Vinsamlegast notið þetta auðkenni þegar þið vitnið til verksins eða tengið í það: http://hdl.handle.net/1946/16165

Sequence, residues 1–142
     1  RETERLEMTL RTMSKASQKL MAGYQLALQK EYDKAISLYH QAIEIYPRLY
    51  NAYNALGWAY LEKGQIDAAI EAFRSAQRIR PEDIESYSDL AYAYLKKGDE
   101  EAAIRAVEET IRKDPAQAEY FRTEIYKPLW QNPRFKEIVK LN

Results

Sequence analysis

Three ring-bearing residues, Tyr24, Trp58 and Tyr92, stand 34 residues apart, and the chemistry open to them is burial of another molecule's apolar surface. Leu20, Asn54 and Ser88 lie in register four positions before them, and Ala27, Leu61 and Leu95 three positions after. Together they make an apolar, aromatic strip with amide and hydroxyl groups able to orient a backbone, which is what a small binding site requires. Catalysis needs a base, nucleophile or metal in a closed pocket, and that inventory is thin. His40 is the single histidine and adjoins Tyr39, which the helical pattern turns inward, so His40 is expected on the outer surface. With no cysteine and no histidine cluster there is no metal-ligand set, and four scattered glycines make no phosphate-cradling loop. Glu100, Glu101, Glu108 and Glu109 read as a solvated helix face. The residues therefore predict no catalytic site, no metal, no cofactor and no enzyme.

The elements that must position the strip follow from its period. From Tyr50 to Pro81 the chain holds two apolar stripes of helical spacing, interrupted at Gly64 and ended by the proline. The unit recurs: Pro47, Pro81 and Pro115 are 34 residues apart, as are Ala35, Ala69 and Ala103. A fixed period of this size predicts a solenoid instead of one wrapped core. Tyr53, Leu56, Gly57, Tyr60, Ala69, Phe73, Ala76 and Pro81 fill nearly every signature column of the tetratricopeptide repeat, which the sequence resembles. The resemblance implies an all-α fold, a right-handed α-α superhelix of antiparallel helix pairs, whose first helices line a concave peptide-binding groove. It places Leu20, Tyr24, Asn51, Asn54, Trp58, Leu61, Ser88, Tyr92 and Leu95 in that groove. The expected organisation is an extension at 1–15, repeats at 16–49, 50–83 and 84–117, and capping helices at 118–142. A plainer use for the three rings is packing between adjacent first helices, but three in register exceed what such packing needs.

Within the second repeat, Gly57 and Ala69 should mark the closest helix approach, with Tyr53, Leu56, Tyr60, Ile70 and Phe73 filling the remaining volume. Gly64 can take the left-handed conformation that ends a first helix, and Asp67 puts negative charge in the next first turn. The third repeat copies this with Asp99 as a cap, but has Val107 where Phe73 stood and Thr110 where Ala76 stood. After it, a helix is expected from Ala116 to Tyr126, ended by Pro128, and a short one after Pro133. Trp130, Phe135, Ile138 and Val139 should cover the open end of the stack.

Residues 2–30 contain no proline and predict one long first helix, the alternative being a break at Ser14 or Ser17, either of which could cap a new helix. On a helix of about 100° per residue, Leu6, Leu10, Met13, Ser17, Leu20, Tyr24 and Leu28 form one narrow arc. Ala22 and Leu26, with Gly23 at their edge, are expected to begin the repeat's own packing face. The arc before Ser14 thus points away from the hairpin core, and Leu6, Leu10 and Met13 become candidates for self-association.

This is a study on the space and place of medieval monastic charity as represented by the infirmary that was in operation at Skriðuklaustur, a late medieval Augustinian monastery (1493-1554), located in eastern Iceland. In approaching the analysis on the space and place of care, the first step is to understand what was meant by medieval monastic hospitality and charity and the factors that differentiated between the two practices. This distinction between hospitality and charity as practiced by religious groups is important to understand because it dictated not only the form of interaction but also the location of interaction. Therefore, the second step in this study is identifying these places of care and how they were physically demarcated according to religious practice. This will be conducted by analyzing the location and architectural layout of monastic infirmaries and hospitals. Other material considerations in the practice of care include the artifacts associated with the medical profession as well as information from burials at monasteries and hospitals where the age, gender and types of pathological conditions that have been identified from the skeletal assemblage may reveal evidence of the practices and level of care administered at these infirmaries. The final step is the combination of the archaeological evidence and historical documentation that will be used to develop a context in which to understand how the social mechanisms of monasticism were used in the creation of space and place in the practice of charity towards secular society. This social aspect of monasticism played an integral role in developing and maintaining the monastic identity and it is through this understanding that the practice of charity may be recognized at the late medieval monastery, Skriðuklaustur.